A proprietary limited company is a common structure for most people to use when they are running a business. One of the main benefits in having a business structure which uses a proprietary limited company as the trading entity is that it provides that person with a degree of protection personally – it will be the company which is responsible for any liabilities and the like, not the individual or individuals behind the company.
It is fairly common for a person to agree to be a director of these companies without much thought on the assumption there is little risk in being the director. This is increasingly not the case though. Aside from the general requirements for directors to diligently discharge their duties (such as running the company properly), there is now a significant personal risk for directors where certain obligations have not been met.
Directors are personally liable for any pay-as-you-go withholding tax, goods and services tax and superannuation guarantee charges which have not been paid for by the company, save for very limited circumstances (such as where they were not actively involved in the management of the business due to health reasons).
What may be surprising to some people is that this liability will arise whether the director is actively involved in the business or not (nothing that is no excuse to be unaware of the situation), and each director will be personally liable for the whole amount (so if one director is unable to pay any outstanding liability it will fall to the other director/s).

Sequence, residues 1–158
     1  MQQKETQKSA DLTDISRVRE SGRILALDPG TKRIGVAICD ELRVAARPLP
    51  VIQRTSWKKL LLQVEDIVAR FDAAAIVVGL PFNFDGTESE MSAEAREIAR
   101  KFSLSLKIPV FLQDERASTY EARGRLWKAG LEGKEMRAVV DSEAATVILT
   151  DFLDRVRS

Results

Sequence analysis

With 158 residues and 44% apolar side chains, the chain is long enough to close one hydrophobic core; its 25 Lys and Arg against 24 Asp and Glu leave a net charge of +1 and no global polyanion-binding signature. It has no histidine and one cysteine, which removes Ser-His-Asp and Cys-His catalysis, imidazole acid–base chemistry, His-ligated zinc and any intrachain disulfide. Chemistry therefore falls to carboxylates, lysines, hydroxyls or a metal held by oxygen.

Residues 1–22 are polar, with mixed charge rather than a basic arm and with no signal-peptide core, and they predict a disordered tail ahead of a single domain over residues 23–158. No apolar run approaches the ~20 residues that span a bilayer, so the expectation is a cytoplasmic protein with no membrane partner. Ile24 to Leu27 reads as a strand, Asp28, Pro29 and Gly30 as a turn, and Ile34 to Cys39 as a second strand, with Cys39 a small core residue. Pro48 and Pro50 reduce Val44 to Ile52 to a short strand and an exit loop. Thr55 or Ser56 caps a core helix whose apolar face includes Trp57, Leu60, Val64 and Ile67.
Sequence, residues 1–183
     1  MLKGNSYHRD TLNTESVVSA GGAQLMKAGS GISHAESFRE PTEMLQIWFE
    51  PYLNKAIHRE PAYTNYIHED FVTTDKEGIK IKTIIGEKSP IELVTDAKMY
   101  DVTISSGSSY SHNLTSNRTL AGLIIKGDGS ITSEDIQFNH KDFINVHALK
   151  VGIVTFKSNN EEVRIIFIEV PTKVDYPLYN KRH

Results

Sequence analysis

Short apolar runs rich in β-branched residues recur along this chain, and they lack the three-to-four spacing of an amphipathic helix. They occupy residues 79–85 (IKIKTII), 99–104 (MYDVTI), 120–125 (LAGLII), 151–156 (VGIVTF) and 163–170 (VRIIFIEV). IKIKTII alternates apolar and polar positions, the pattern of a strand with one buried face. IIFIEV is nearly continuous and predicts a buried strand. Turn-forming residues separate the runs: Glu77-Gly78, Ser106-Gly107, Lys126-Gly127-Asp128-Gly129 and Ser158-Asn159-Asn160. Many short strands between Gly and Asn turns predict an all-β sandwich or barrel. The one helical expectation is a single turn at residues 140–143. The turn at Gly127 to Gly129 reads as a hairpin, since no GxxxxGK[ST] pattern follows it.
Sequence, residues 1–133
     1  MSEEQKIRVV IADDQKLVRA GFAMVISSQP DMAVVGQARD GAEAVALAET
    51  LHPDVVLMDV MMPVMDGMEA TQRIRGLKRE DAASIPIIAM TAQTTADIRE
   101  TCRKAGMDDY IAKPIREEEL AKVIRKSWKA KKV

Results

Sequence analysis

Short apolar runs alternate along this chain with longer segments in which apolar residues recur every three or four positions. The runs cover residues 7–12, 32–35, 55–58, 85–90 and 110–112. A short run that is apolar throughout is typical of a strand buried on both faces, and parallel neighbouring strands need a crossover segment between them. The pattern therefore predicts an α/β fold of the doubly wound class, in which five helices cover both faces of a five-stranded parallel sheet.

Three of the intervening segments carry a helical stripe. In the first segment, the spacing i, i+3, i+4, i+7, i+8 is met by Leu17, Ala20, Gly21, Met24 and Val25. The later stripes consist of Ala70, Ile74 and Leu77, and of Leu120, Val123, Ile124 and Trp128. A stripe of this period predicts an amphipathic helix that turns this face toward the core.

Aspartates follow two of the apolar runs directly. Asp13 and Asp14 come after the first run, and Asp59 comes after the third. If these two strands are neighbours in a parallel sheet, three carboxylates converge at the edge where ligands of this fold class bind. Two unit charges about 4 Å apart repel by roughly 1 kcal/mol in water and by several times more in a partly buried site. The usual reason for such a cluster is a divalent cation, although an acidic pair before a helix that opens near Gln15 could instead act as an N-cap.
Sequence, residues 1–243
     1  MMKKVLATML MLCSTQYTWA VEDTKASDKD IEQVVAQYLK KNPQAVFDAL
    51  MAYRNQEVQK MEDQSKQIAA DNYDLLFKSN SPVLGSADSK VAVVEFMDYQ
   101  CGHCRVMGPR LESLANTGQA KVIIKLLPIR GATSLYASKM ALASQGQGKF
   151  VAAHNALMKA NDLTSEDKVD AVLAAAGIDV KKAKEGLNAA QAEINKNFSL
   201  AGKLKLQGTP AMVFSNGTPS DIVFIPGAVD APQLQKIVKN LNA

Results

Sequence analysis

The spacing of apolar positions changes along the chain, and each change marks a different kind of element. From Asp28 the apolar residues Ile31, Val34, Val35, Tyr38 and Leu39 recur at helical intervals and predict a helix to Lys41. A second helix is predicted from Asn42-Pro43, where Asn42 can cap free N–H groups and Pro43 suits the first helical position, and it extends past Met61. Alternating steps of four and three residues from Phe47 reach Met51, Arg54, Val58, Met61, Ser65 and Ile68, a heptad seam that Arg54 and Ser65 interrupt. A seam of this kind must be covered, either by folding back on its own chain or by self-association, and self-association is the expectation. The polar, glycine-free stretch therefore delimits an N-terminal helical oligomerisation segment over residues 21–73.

In addition, if someone joins a company as a director and that company has pre-existing unpaid liabilities for pay-as-you-go withholding tax and superannuation guarantee charges, then that director will become personally liable for those outstanding taxes and charges, other than in very limited circumstances and notwithstanding that he or she was not a director at the time the liabilities were first incurred.
In the event there are unpaid liabilities for pay-as-you-go withholding tax, goods and services tax and superannuation guarantee charges, the ATO is able to issue what is called a Director Penalty Notice. If a DPN is issued, a director will have to address the issues raised, failing which the ATO can take further steps to recover the debt.
The pathway from this is that a person needs to be very careful when becoming a director of a company – it is not a matter of simply 'signing on the dotted line'. For existing companies, it is important that you know the financial position of the company before agreeing to be a director, whilst for new and existing companies it is important you implement appropriate measures to ensure you can be satisfied that the pay-as-you-go withholding tax, goods and services tax and superannuation guarantee charges are being paid.
A failure to do so may result in a significant and unavoidable personal liability for you.
The content of this article is intended to provide a general guide to the subject matter. Specialist advice should be sought about your specific circumstances.